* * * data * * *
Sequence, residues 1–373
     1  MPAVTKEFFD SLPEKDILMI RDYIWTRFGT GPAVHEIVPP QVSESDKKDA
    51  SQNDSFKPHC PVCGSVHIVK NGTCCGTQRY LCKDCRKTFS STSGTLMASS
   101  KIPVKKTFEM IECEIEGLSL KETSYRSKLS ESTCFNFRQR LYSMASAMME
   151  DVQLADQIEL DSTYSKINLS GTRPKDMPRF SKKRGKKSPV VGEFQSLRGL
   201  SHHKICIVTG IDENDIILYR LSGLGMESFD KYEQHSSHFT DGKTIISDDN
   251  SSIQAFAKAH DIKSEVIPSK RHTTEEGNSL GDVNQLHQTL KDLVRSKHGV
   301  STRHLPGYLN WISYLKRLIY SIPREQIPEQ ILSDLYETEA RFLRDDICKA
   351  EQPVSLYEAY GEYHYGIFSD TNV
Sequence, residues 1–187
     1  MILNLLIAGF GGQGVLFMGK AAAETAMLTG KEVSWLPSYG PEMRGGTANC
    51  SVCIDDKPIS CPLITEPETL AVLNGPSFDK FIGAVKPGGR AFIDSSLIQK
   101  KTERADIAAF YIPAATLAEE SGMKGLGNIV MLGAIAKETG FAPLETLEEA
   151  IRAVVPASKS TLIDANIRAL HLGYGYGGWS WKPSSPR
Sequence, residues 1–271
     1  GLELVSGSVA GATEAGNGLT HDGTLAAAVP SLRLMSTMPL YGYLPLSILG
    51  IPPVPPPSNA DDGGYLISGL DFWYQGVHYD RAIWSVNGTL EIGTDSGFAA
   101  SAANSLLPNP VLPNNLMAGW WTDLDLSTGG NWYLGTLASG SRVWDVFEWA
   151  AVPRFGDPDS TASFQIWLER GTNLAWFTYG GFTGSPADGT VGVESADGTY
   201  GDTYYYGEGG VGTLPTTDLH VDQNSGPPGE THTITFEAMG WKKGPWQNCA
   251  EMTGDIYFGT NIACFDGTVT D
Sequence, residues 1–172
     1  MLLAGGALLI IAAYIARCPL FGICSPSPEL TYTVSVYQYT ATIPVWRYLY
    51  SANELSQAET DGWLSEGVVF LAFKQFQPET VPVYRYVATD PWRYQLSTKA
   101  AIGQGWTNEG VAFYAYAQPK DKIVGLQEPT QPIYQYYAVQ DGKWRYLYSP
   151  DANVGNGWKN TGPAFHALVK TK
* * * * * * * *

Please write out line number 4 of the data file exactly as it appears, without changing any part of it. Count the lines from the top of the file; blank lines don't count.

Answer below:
   101  KIPVKKTFEM IECEIEGLSL KETSYRSKLS ESTCFNFRQR LYSMASAMME